Between 2011 and 2014, the Observatory documented 43 assassination cases targeting land rights defenders and the judicial harassment of 123 defenders, sometimes together with their arbitrary detention. These figures only reflect a small fraction of the real picture. All regions in the world are concerned, Asia and Latin America being the most affected.
The Observatory found that authors of repression are often the police, the military, private security agents and “henchmen”. Their objective being to silence dissenting voices likely to slow down investment projects.
In addition to violence, numerous States also use judicial harassment and arbitrary detention to intimidate defenders. Thanks to laws that violate fundamental freedoms or in violation of their own laws, they jail any person deemed to be a nuisance. “Terrorism”, “misleading propaganda”, “infringement to State security”, “public unrest”, there are many abusive charges which can result in heavy prison terms.
“Land rights defenders speak for millions of victims. When a defender is jailed or killed, thousands of victims are silenced”, declared Gerald Staberock, OMCT Secretary General.
Land rights defenders are often powerless when they face physical attacks and arbitrary arrests. According to the Observatory, 95% of violations against them remain unpunished today.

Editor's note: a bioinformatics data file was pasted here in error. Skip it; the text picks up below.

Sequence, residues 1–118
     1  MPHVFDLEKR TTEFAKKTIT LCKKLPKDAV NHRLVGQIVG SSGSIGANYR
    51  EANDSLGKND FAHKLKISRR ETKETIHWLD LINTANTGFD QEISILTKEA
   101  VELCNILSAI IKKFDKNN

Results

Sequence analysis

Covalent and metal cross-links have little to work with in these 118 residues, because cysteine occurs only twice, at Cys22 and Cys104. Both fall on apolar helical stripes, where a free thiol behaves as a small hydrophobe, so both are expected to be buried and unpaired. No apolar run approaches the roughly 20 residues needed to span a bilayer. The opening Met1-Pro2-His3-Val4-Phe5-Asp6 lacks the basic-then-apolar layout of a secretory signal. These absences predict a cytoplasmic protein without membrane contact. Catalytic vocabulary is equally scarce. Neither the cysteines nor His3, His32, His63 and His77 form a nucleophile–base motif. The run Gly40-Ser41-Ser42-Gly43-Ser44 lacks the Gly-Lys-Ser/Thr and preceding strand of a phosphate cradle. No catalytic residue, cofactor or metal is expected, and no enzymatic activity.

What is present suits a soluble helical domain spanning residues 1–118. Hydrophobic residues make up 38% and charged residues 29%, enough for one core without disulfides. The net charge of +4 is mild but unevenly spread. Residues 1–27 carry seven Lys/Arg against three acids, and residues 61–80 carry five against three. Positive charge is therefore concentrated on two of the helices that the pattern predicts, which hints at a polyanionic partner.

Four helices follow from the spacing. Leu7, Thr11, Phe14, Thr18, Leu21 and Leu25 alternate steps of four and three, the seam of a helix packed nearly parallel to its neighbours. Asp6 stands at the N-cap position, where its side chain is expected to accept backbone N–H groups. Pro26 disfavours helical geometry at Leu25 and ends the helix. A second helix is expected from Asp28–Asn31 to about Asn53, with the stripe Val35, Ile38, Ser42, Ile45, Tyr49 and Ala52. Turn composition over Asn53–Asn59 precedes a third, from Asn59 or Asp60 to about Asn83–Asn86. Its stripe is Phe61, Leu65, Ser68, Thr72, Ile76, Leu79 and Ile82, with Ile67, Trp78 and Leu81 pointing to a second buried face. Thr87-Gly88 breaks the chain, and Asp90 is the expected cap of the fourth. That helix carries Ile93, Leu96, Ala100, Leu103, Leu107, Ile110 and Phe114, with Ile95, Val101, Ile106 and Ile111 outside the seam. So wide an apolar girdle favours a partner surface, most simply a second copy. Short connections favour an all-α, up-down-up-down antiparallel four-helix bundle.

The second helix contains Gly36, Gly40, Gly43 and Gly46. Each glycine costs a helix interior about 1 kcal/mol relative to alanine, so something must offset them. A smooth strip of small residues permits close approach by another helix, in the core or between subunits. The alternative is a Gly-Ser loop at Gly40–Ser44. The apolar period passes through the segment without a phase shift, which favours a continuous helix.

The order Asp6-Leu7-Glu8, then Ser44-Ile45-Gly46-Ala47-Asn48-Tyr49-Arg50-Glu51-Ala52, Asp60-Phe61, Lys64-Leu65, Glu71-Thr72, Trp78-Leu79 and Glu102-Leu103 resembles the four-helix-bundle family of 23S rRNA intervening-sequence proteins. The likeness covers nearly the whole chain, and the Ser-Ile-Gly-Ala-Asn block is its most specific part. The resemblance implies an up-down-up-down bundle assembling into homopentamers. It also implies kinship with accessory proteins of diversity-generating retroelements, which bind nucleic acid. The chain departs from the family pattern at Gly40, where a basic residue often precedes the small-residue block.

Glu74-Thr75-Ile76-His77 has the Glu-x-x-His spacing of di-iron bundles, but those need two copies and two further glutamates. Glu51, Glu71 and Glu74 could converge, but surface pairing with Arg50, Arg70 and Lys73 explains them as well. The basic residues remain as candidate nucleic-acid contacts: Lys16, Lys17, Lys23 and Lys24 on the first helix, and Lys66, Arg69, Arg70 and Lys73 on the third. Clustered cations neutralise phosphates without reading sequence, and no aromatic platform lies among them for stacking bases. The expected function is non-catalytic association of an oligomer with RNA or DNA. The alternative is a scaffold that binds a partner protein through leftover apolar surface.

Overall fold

Judicial bodies in countries where such violations occur are characterised by a lack of independence, resources and expertise. Regarding the possibility of prosecuting business corporations responsible for human rights violations, the legal battle – if any – is often lengthy, perilous, unequal and costly.
At the heart of the problem lies the issue of the participation of individuals and communities affected by the development policies and investment projects. The Observatory calls for meaningful consultations that ensure the direct participation of populations affected by the projects and the recognition of land rights defenders as the legitimate spokespersons in order to prevent conflicts and put an end to serious human rights violations. Furthermore, it is necessary to strengthen the capacity and independence of domestic judicial systems, including in States hosting the headquarters of business corporations, in order to allow defenders to access justice and seek redress in the event of human rights violations.
The Observatory also recommends to strengthen international law in order to trigger effectively the responsibility of business corporations when the latter commit human rights violations and to guarantee the adequate protection of land rights.